Too many WooCommerce Failed Order emails ?

by May 5, 2023eCommerce, Fraud0 comments

Kinsta - Unlock 4 Months OFF Annual WordPress Plans
ecommerce

If you’re a WooCommerce store owner, you may have noticed an increase in the number of failed order emails you’re receiving. While it’s normal to get some failed orders, an overwhelming amount of them could indicate a problem.

In this blog post, we’ll explore what getting too many failed order emails means and how it could be a sign of a WooCommerce checkout attack.

First, let’s define what a failed order is.

A failed order occurs when a customer attempts to make a purchase but the transaction is not completed. This can happen for various reasons, such as an incorrect billing address, insufficient funds, or an expired credit card. As a store owner, you’ll receive an email notification for each failed order.

Now, if you’re getting a large number of failed order emails, it could be a sign of a problem. One possible explanation is that your checkout process is too complicated or confusing, causing customers to abandon their carts. However, if you’ve ruled out any issues with your checkout process, it’s possible that your store is being targeted by a WooCommerce checkout attack.

What is a WooCommerce checkout attack?

A WooCommerce checkout attack is when malicious actors set up scripts to perform hundreds, if not thousands, of requests against a specific WooCommerce store.

The goal is to validate a large amount of 💳 credit cards 💳 to find which ones work and which ones do not.

⚠️ These attacks are becoming increasingly common as more and more people shop online. ⚠️

Scripts can perform hundred of checkout requests against WooCommerce

During a WooCommerce checkout attack, the malicious actors will use bots to simulate the checkout process and attempt to make a purchase using stolen credit card information. When the credit card is declined, a failed order email is sent to the store owner. If the attack is successful, the malicious actors will have validated a large number of credit cards and can then use them for fraudulent purchases elsewhere.

So, what can you do if you suspect that your store is being targeted by a WooCommerce checkout attack?

The first step is to review your failed order emails and see if there is a pattern. If you notice a sudden increase in failed orders within a short amount of time, it could be a sign of an attack.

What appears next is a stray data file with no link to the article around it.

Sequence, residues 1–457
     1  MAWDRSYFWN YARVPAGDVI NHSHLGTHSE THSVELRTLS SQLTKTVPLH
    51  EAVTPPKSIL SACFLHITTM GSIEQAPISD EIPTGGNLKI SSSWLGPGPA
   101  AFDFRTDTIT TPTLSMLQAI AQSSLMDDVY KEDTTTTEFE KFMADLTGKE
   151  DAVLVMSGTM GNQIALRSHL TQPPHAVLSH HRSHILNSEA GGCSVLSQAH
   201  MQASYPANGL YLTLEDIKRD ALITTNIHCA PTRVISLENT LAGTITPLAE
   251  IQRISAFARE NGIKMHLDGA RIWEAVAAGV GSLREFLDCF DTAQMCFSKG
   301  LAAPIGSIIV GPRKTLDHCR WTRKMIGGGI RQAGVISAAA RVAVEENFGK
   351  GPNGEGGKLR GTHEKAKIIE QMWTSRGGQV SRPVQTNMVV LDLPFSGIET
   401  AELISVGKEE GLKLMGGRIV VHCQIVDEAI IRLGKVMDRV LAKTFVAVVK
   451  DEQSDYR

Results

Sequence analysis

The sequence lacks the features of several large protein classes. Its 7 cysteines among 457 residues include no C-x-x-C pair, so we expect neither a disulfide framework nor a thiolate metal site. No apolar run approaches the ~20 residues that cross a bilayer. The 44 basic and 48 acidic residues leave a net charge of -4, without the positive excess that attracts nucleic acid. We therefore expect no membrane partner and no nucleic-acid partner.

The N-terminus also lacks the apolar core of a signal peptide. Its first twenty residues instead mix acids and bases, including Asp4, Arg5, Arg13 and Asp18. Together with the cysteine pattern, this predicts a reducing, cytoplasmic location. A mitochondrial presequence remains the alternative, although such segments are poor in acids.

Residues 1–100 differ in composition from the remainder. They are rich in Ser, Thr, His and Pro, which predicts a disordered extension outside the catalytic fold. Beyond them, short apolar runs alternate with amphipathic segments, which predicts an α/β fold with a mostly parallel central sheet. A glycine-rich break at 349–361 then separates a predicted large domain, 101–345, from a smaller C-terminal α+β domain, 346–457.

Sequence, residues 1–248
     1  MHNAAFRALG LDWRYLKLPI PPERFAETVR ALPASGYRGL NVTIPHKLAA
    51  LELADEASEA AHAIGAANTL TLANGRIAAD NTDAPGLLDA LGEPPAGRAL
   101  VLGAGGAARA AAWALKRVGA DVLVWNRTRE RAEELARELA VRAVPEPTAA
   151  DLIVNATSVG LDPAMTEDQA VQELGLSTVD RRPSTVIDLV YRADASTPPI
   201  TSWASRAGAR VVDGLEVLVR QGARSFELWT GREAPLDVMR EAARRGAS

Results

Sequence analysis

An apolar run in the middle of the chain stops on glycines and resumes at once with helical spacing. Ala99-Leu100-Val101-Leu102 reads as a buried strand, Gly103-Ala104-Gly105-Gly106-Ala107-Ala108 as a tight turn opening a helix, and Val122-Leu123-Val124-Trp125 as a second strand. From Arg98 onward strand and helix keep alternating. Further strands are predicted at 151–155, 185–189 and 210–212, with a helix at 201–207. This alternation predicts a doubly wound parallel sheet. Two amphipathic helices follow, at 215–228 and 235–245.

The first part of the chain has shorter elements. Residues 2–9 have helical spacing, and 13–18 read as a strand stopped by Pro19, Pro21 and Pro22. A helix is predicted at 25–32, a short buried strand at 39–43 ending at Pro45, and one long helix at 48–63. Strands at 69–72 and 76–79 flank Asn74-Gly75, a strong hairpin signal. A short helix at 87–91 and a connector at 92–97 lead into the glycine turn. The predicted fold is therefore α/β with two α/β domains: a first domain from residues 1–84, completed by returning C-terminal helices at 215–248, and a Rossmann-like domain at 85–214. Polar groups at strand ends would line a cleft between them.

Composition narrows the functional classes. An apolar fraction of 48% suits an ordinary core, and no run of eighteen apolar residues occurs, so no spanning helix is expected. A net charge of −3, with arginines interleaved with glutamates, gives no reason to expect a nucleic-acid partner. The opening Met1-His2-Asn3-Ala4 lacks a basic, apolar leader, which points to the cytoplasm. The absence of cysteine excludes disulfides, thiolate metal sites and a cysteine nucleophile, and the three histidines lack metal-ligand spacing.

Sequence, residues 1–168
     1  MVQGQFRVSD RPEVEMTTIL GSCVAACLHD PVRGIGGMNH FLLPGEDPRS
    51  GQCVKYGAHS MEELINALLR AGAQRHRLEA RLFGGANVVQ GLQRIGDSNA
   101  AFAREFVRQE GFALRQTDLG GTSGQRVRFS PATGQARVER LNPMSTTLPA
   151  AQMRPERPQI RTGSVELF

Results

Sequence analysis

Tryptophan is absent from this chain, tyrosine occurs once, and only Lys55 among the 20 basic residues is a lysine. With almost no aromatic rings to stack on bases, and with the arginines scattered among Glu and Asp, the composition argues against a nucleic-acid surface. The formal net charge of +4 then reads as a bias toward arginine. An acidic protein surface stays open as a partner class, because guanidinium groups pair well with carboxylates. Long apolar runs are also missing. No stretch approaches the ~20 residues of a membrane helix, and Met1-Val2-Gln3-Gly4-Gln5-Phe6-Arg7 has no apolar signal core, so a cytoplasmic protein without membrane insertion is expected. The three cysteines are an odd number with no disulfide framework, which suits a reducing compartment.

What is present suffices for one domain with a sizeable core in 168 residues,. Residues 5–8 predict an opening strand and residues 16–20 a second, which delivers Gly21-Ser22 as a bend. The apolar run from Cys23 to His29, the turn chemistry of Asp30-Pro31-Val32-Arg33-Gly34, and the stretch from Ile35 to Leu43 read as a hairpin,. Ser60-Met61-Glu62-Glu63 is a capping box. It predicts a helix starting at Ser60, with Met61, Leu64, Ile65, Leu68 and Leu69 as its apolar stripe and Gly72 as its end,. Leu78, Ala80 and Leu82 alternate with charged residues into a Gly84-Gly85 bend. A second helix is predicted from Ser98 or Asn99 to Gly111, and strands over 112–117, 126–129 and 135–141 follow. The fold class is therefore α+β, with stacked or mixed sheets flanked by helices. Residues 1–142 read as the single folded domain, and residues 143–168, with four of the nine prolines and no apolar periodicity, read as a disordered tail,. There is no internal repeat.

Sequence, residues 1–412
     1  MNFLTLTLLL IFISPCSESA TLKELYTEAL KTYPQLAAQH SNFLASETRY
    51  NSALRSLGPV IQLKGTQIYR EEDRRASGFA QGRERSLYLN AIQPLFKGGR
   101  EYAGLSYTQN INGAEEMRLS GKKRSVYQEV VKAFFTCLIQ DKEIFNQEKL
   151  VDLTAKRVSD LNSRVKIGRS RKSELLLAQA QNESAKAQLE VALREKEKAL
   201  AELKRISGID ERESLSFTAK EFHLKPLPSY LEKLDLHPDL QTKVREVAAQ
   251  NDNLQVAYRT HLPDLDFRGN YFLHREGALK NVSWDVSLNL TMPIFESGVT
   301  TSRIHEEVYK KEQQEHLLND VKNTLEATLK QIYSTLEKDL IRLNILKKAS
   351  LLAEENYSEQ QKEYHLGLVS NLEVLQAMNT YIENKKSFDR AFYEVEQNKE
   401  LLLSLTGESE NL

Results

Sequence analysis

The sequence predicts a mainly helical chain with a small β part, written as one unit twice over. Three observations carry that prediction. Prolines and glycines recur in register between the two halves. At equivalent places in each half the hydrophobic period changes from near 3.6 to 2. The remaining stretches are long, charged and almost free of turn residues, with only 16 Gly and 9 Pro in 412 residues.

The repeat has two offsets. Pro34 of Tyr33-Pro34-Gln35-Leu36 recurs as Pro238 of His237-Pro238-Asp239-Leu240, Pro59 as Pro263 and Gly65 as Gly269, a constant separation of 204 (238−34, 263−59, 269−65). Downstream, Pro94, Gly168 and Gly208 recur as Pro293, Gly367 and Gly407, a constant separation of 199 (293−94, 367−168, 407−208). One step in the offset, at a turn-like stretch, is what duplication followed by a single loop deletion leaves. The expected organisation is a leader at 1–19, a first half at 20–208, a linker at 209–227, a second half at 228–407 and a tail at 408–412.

Checking your access logs

The first thing you need to check is to go to your access log and filter all the HTTP POST requests and then filter all requests that go to your checkout endpoints, by default WooCommerce will use any of the following:

  • /checkout
    or
  • /?wc-ajax=checkout

If you have SSH access you can easy run this command to get a list of all related requests:

grep POST access.log | grep -i checkout

The first part of the command will filter all the HTTP Post requests from your access.log so we can drill down and avoid unnecessary entries. The second part after the pipe, it filters ignoring the case, all requests that has the checkout keyword. This will help us only see all requests your site has received related to the checkout process.

An example from Kinsta’s access.log is below:

redacted.com 123.123.123.123 [19/Apr/2023:14:20:38 +0000] POST "/?wc-ajax=checkout&elementor_page_id=40" HTTP/1.1 200 "https://redacted.com/checkout/" "Mozilla/5.0 (Windows NT 10.0; Win64; x64) AppleWebKit/537.36 (KHTML, like Gecko) Chrome/112.0.0.0 Safari/537.36" 123.123.123.123 "/index.php" - 0.82 1862 31.861 31.861
redacted.com 123.123.123.123 [19/Apr/2023:14:20:39 +0000] POST "/?wc-ajax=checkout&elementor_page_id=40" HTTP/1.1 200 "https://redacted.com/checkout/" "Mozilla/5.0 (Windows NT 10.0; Win64; x64) AppleWebKit/537.36 (KHTML, like Gecko) Chrome/112.0.0.0 Safari/537.36" 123.123.123.123 "/index.php" - 0.82 1871 31.285 31.285
redacted.com 123.123.123.123 [19/Apr/2023:14:20:40 +0000] POST "/?wc-ajax=checkout&elementor_page_id=40" HTTP/1.1 200 "https://redacted.com/checkout/" "Mozilla/5.0 (Windows NT 10.0; Win64; x64) AppleWebKit/537.36 (KHTML, like Gecko) Chrome/112.0.0.0 Safari/537.36" 123.123.123.123 "/index.php" - 0.82 1862 31.071 31.072
redacted.com 123.123.123.123 [19/Apr/2023:14:21:38 +0000] POST "/?wc-ajax=checkout&elementor_page_id=40" HTTP/1.1 200 "https://redacted.com/checkout/" "Mozilla/5.0 (Windows NT 10.0; Win64; x64) AppleWebKit/537.36 (KHTML, like Gecko) Chrome/112.0.0.0 Safari/537.36" 123.123.123.123 "/index.php" - 0.82 1862 31.861 31.861
redacted.com 123.123.123.123 [19/Apr/2023:14:21:39 +0000] POST "/?wc-ajax=checkout&elementor_page_id=40" HTTP/1.1 200 "https://redacted.com/checkout/" "Mozilla/5.0 (Windows NT 10.0; Win64; x64) AppleWebKit/537.36 (KHTML, like Gecko) Chrome/112.0.0.0 Safari/537.36" 123.123.123.123 "/index.php" - 0.82 1871 31.285 31.285